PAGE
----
Given the cultural challenges in many transportation agencies that historically have focused on and been organized around project development and design, an effective approach is to conduct a deliberate crosswalk between the agency's overall mission and goals and TSMO. At the strategic level, an organized effort to change the culture of the organization to focus on TSMO as part of its core mission and to integrate operations considerations within all activities often is an important component of this level of TSMO program planning. Leadership at a senior management level can play a key role in advancing this outcome. Leadership and organizational culture are discussed further as part of the programmatic element of TSMO program planning.
Questions for Consideration
Developing Strategic Goals and Performance Objectives for Transportation Systems Management and Operations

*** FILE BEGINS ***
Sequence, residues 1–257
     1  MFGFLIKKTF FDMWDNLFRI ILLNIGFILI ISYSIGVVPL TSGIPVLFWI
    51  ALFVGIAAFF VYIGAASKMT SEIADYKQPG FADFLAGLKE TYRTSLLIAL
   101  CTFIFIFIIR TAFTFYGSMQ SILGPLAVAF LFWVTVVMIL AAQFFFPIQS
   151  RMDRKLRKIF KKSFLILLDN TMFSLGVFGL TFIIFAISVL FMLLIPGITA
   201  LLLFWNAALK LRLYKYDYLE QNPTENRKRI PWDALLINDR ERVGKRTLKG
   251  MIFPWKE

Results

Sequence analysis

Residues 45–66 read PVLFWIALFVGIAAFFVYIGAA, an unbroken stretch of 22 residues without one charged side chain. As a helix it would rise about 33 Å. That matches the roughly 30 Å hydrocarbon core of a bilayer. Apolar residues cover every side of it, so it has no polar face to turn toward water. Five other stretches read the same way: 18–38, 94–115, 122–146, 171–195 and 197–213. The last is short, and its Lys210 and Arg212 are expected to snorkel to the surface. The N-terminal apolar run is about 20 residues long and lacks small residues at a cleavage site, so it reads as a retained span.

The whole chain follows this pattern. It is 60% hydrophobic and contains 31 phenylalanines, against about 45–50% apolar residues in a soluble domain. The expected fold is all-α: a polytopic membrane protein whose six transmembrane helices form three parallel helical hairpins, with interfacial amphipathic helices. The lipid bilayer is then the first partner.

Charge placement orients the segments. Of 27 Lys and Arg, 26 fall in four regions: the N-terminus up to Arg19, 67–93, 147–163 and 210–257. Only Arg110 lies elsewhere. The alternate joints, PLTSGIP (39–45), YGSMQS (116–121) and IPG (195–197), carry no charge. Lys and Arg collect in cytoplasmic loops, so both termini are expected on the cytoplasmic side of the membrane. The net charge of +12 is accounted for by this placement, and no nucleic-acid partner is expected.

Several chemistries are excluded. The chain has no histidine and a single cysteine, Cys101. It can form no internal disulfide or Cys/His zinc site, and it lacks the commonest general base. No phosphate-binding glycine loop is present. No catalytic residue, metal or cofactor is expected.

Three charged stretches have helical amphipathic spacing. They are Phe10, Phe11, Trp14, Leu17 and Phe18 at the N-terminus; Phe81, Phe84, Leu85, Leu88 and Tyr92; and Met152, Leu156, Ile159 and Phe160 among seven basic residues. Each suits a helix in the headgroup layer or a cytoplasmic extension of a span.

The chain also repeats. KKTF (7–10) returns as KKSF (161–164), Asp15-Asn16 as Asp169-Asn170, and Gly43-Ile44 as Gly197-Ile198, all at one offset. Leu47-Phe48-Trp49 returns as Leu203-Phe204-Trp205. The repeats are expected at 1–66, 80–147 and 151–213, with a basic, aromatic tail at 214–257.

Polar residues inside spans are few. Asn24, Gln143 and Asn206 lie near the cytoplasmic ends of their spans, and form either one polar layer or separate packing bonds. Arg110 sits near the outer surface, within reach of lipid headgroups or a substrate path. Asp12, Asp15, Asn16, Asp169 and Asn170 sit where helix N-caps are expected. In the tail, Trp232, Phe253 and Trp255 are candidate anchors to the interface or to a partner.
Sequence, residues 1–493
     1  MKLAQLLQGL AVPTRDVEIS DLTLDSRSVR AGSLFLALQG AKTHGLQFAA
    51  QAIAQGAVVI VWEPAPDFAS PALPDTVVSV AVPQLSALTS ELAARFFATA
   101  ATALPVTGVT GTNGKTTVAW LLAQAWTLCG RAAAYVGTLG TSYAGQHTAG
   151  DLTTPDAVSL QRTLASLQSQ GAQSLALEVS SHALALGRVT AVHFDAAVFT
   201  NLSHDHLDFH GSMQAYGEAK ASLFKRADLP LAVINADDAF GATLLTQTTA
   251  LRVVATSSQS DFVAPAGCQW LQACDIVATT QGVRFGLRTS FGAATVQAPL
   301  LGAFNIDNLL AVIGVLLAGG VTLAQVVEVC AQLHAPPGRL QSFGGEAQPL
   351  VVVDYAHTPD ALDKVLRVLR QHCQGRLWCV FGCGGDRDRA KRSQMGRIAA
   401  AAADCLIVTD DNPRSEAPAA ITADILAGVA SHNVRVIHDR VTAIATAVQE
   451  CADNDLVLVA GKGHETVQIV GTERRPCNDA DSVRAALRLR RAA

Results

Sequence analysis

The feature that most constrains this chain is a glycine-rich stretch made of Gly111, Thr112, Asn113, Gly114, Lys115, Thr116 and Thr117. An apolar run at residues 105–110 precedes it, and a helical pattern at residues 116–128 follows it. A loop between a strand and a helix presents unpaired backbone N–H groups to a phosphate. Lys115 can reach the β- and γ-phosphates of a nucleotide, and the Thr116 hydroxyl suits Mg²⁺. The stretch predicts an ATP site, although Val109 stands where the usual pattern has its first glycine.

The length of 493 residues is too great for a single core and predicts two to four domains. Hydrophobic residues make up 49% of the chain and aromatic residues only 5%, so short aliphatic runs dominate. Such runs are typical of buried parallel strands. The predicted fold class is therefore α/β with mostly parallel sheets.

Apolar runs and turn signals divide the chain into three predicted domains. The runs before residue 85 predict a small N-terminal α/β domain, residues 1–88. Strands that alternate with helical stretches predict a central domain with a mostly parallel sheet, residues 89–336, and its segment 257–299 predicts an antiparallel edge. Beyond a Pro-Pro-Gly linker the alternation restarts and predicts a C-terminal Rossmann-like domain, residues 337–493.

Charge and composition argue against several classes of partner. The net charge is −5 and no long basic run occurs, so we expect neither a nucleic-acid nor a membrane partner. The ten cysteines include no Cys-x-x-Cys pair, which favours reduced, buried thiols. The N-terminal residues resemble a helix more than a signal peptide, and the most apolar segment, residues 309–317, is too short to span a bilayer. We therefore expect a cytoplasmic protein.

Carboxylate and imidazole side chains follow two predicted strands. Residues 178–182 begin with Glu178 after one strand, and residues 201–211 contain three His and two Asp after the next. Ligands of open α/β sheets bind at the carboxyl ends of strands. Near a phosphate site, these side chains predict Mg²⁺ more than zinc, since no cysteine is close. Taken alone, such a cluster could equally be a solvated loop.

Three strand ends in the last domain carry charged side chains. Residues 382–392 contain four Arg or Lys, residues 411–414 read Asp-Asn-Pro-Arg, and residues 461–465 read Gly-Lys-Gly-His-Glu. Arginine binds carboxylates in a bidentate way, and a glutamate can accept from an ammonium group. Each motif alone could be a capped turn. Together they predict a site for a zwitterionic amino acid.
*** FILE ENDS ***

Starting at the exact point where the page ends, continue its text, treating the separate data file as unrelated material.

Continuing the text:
Strategic goals and objectives for TSMO focus on the desired outcomes to be achieved through TSMO. While goals are high-level, objectives should be more specific and measurable to guide performance-based tracking and reporting of the TSMO program's ability to deliver the strategic goals. These goals and objectives generally focus on outcomes to the customer and may relate to specific aspects of TSMO. For instance:
Denver Regional Council of Governments Transportation System Management and Operations (TSMO) Goals, Objectives, and Performance Measures
While not part of a formal TSMO program plan, the Denver Regional Council of Governments identified strategic goals and associated performance objectives for TSMO when developing a regional concept of transportation operations. Three TSMO strategic goals were identified, along with objectives, which link to program initiatives and performance measures.
Source: Denver Regional Council of Governments, Regional Concept of Transportation Operations, Adopted August 15, 2012. Available at: https://drcog.org/sites/drcog/files/resources/Regional%20Concept%20of%20Transportation%20Operations_2.pdf.
In developing performance objectives, it is useful to consider the concept of SMART objectives, or objectives which are:
Performance measures that are used to track and assess progress toward desired outcomes should be associated with each objective.